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Dr. Tori Hudson, Portland, Oregon, Blog Healthline Blog

Cranberry bog demonstration held at Rockafeller CenterHere is another recent study on the urinary antimicrobial effects of cranberry. This study evaluated 20 adults who did not have an active urinary tract infection, and were not taking antibiotics. In phase 1 of the study, individuals collected first morning urine prior to ingesting 3 caps that contained 275 mg of a mixture of dried whole cranberry extract and 25 mg of a concentrate of cranberry extract. Urine was then collected at 2, 4 and 6 hours. In phase 2, individuals collected urine on 2 consecutive days with no cranberry on day 1 and 900 mg of cranberry preparation on day two.

Results: In phase 1, 7 of 20 (35%) individuals had anti-microbial activity against Escherichia coli, 13 of 20 (65%) had anti-microbial activity against Klebsiella pneumoniae and 9 of 20 (45%) against Candida albicans. In phase 2, 23% showed antimicrobial activity against E. coli, 33% against C. albicans and 67% against K. pneumoniae.

Commentary: This study suggests that the anti-microbial activity of this cranberry extract was not significant for E. coli and that the most frequent anti-microbial activity occurred in both phases for only K. pneumoniae.

While not all studies of cranberry have shown significant antimicrobial effects, other studies of cranberry and urinary tract infections have been more positive. The current study did not study individuals with an active infection but their urine was inoculated with the three organisms and then the anti-microbial effects of the cranberry ingestion was measured as effective if there was a 50% or greater reduction in colony forming units.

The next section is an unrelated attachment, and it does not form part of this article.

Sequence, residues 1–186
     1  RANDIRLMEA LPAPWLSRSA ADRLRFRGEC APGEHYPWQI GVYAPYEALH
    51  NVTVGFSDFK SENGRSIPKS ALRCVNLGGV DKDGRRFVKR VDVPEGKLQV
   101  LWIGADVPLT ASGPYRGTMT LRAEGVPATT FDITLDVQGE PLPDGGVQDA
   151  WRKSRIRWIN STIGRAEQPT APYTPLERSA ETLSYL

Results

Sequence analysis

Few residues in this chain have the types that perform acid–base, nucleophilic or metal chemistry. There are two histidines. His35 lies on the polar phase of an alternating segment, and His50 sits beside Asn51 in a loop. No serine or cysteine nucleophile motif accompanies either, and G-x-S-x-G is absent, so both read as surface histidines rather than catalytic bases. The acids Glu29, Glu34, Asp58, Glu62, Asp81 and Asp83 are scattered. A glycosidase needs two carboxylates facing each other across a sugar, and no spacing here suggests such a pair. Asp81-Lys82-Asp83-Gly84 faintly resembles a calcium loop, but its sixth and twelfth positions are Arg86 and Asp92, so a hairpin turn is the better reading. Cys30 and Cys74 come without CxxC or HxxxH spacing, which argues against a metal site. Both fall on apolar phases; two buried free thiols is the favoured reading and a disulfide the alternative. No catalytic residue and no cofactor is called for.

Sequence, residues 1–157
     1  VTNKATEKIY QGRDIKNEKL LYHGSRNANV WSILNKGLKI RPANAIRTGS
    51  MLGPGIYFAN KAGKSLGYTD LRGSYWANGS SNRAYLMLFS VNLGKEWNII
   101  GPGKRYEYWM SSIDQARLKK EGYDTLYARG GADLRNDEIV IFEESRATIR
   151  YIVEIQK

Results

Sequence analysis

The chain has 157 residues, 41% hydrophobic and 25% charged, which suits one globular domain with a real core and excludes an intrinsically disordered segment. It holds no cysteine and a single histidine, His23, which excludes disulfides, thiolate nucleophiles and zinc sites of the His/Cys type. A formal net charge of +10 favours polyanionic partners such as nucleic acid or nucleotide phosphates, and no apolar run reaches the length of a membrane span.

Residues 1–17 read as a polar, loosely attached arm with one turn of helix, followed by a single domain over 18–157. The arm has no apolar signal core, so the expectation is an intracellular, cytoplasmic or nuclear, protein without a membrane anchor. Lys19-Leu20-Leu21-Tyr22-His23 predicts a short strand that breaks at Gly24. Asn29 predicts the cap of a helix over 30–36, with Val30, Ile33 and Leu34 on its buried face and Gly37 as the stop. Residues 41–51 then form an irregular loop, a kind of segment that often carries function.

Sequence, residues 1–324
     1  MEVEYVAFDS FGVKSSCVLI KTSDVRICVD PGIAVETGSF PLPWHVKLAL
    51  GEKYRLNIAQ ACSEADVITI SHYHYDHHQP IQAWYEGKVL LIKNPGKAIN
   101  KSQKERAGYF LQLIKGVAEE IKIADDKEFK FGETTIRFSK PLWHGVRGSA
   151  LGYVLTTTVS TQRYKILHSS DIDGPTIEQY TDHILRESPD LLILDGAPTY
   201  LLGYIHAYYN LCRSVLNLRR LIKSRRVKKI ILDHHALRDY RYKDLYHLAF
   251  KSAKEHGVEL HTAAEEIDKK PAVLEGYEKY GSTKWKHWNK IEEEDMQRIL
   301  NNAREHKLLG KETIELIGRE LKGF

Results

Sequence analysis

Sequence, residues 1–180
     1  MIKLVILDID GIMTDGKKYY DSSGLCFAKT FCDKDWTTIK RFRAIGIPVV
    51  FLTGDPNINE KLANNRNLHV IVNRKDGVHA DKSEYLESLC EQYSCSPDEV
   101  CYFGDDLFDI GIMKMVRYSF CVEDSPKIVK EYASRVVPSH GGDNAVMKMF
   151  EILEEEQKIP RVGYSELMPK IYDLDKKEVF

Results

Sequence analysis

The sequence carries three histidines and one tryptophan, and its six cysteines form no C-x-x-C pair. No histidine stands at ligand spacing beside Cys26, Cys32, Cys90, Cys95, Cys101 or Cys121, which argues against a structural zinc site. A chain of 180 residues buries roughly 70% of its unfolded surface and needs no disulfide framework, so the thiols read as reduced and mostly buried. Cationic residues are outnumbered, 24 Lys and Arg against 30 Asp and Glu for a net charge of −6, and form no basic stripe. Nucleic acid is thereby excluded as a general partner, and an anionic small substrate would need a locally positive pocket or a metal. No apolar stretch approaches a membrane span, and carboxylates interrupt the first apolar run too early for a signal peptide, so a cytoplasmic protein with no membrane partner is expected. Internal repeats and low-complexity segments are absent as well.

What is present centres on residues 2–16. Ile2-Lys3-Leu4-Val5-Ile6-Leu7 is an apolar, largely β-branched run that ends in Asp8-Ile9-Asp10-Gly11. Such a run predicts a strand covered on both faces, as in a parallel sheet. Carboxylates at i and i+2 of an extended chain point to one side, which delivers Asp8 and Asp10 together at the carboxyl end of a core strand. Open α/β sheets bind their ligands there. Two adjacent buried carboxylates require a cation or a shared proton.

It may be that a true anti-microbial effect and colony reduction of cranberry is not the main mechanism of action, but rather the ability of the cranberry to inhibit the adherence of the bacteria to the cells lining the bladder and the urethra and thus being flushed out of the urinary tract system. In addition, I would always recommend other key bladder infection ingredients in an acute treatment plan as well as a prevention of recurrence plan that would include Oregon grape root, pipsissewa, buchu, uva ursi, marshmallow root and Lactobacillus species that dominate the urogenital tract.


Lee Y, Najm W, Owens J, et al. Anti-microbial activitiy of urine after ingestion of cranberry: a pilot study. Epublication prior to print publication: eCAM 2010;7(2):227-232 doi:10.1093/ecam/nem183

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